Former infamous Misfit finds his niche with The Undead
by Marc Savlov
It's been 18 years since NYC punk rock guitarist-cum-scene fixture Bobby Steele was forcibly ejected from a then-relatively unknown band of horrorcore ne'erdowells called the Misfits.
Almost two decades later, you'd be hard-pressed to go to a single punk show in the country, much less enter a high school, without spotting at least one of the Misfits ubiquitous "Crimson Ghost"-logo'd T-shirts. Arguably the most famous of all the early-'80s hardcore groups, the Lodi, N.J.-based 'fitsled by horror film aficionado and walking anabolic steroid Glenn Danzigare more popular now than they ever were. And, although the group broke up in 1983, a new version, sans Danzig, is currently making the rounds.
Suffice to say, Steele has seen little benefit from the resurgent popularity of his former band. He's punk rock's Pete Best, but unlike that tragic Beatle, Steele has gone on to form another groupThe Undeadand continues to tour and crank out more and more reckless NYC punk as only he can. At the Neptune show this weekend, he'll be backed by Knoxville's own ghoul rockers the Malignmen.
I spoke to Steele on the phone from his home in New York, and bugged him until he told me to bugger off and go play in traffic. (Actually that last bit's a fib. Steele, despite his raucous punk rock upbringing, is a helluva nice guy. Really. I'm not kidding.)
Pulse: How'd you hook up with the Malignmen?
Bobby Steele: I actually hooked up with the guitar player on the Internet. There's a thing on there called the Misfits Bible, and he had approached me as a fan, sent me a tape of his band, and we've just kept in touch over the past two years.
Pulse: So you're not bringing The Undead along this time.
Steele: Right. The band I've got together right now just couldn't make it and so I sent [the Malignmen] an email asking if they'd be interested in backing me up and now I'm on my way down to Knoxville.
Pulse: Are you going to be mostly covering Misfits' songs, The Undead, or both? Or neither?
Steele: We'll do mainly Undead stuff. Of course, I have to do some Misfits shit. I'd started doing the Misfits songs again around 1985, I guess. I began to realize that the people coming to my shows expect to see it, and since nobody else was really performing the songs anymore, I might as well give it to 'em. So we'll be doing about four or five Misfits songs, and then the rest of the set is split between old Undead and new Undead.
Pulse: What Misfits songs do you exhume?
Steele: It varies. Over the years I've done "London Dungeon," "Attitude," "Bullet..."
Pulse: The classics.
Steele: Right. The real Misfits' stuff.
Pulse: What do you think of the new, regrouped 'fits?
Steele: I don't really consider them the Misfits, you know? Glenn Danzig's not writing the songs, so it doesn't really have that...touch.
Pulse: Speaking of "London Dungeon," didn't you co-write that in a jail cell somewhere? That's gotta be one of the all-time punk classicswhat's the story behind that one?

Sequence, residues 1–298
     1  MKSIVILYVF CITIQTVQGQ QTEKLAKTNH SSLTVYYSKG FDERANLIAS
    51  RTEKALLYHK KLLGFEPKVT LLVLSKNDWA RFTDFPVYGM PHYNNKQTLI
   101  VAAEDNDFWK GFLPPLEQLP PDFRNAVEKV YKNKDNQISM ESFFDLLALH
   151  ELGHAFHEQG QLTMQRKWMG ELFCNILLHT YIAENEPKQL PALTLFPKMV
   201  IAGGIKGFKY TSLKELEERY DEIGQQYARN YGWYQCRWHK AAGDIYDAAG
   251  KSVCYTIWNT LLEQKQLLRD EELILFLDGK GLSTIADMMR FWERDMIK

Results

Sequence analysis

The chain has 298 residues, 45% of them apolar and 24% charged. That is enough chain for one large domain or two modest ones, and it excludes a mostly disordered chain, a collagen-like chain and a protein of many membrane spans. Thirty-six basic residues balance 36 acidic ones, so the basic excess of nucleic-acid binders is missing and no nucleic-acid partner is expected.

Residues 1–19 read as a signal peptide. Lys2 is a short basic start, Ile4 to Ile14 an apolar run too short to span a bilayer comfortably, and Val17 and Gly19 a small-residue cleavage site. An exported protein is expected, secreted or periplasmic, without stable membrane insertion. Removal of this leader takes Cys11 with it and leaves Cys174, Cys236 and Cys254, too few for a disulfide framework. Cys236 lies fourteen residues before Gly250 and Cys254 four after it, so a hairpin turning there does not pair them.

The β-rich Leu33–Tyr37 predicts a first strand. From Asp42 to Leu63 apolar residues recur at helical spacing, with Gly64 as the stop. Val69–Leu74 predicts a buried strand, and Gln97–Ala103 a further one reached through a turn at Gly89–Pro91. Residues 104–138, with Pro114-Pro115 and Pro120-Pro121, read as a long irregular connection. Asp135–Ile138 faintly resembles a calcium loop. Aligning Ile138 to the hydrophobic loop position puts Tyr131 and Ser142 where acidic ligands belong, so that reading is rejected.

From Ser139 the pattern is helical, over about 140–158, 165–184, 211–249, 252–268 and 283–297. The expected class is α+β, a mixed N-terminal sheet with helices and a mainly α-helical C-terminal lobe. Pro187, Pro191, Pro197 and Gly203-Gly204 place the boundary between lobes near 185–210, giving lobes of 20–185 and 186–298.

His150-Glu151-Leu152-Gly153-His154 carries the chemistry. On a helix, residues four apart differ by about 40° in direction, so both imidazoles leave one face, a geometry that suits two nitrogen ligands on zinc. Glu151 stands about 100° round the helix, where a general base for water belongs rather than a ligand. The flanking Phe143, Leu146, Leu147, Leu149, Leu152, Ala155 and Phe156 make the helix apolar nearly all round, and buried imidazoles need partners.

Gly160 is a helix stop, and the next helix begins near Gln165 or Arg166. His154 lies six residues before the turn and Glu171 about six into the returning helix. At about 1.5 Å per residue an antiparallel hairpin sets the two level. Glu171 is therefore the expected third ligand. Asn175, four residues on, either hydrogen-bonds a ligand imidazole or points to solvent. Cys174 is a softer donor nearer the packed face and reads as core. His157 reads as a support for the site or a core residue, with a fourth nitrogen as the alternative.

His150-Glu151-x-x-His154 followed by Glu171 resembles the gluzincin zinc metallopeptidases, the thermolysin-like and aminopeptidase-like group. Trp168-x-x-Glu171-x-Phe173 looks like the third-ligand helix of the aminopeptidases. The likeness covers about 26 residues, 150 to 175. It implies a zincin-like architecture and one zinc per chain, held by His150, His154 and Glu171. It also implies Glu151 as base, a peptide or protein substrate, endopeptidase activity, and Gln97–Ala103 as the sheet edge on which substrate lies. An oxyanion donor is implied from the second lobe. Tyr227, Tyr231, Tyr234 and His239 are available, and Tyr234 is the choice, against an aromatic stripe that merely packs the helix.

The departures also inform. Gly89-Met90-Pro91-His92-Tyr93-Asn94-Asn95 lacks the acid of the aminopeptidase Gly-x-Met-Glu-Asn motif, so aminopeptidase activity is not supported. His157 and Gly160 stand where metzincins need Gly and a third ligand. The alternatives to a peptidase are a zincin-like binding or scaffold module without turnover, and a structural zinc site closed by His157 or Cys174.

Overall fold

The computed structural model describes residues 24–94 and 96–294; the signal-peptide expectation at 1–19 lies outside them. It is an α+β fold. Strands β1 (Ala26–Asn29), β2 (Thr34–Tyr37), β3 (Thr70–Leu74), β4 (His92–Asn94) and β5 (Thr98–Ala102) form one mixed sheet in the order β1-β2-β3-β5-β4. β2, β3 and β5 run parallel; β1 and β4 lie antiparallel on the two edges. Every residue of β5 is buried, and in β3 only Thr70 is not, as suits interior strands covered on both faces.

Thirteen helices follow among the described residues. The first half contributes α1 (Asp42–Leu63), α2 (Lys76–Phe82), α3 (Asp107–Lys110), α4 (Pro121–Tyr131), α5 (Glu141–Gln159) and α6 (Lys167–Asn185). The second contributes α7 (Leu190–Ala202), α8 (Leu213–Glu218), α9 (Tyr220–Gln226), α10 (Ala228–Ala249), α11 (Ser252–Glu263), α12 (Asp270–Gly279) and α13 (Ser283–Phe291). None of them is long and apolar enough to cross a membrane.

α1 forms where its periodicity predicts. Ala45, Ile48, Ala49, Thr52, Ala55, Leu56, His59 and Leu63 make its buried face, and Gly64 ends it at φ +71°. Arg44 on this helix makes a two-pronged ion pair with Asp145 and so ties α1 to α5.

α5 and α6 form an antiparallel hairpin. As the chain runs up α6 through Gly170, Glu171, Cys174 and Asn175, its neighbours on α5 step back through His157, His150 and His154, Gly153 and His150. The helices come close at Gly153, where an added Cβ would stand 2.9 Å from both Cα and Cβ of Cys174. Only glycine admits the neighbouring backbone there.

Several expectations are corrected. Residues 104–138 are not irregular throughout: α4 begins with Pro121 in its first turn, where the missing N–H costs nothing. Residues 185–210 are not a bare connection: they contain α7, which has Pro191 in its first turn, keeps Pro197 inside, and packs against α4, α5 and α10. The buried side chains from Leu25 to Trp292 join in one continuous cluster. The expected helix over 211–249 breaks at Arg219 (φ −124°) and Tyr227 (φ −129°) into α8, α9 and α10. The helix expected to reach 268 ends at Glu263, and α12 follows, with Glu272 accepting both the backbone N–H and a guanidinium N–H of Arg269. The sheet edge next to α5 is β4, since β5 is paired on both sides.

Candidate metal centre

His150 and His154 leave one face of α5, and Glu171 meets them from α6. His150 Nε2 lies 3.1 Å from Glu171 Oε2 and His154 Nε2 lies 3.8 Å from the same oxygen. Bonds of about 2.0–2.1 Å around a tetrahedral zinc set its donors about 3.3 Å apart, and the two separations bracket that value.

Steele: The song was my idea, but Glenn wrote it. I came up with the idea of writing a song about our experience in jail in London.
Pulse: What did you do, piss off the Queen?
Steele: Well, this was in December of '79, okay? Glenn and I were hanging out in a pub across from the Rainbow Theater and we were both getting really drunk, but Glenn was also getting really paranoid about these skinheads sitting over in the corner. He figured they were up to no good, so when I went off to buy some chips, he smashed the pub's window and tried to grab a piece of busted glass to defend himself against the very non-threatening skinheads. He was carted off to jail, and eventually so was I, although it took me spitting on a cop to get there. So there we were sitting in this jail in London, and I said, "Glenn, we should write a song about this," and the next thing you know we're slapping out the beat on our thighs, Glenn's mouthing the bass riff. The whole jail cell was perfectly square, huge, hard walls, and with a perfect echo. And that's essentially how the song came about.
Pulse: It's been 18 years since you exited the Misfits, but your membership in that band is still how most people know you. Does that ever grate on you? Don't you ever want to deck the 'fits fans that refuse to see beyond that?
Steele: I get that a lot from fans, you know? They ask a lot of questions, but we've got that website up there [www.misfits. plan-9.com/bible.html]. The ones that annoy me are the ones that ask "what songs did you play on?" I mean, hey, it's up there on the web site. Some people will come up and want me to write out the lyrics and the tabs to songs because they're too lazy to look it up on the web. I mean, c'mon!
Pulse: So what's up with The Undead?
Steele: We've got a new album that came out in July, it's called 'Til Death. I spent a good two, two-and-a-half years working on new songs.
Pulse: I haven't heard it yetclassic Undead?
Steele: Right. I think the songwriting is better and the production, too. This time I wasn't watching the clock or counting the dollars, so I got to spend more time on the actually music. I'm a big fan of that Phil Spector wall-of-sound production and shit like that, and I think it really comes through on this.
Pulse: One last thing: what's Bobby Steele doing for Halloween?
Steele: We might have a show, might not. At this point I'll probably just be hanging out in New York City, looking for a party to go to. The Chiller Theater convention is going to be going on, so I might go to that.
Pulse: Is [TV horror host] Zacherle going to be there?
Steele: Oh, man. If Zacherle's still alive, he'll be there. He's a fixture. The only thing that could keep him out of there is if he dies.
Pulse: Probably not even that.
Steele: [laughing] Right. They may just drag his bones up there if that's the case.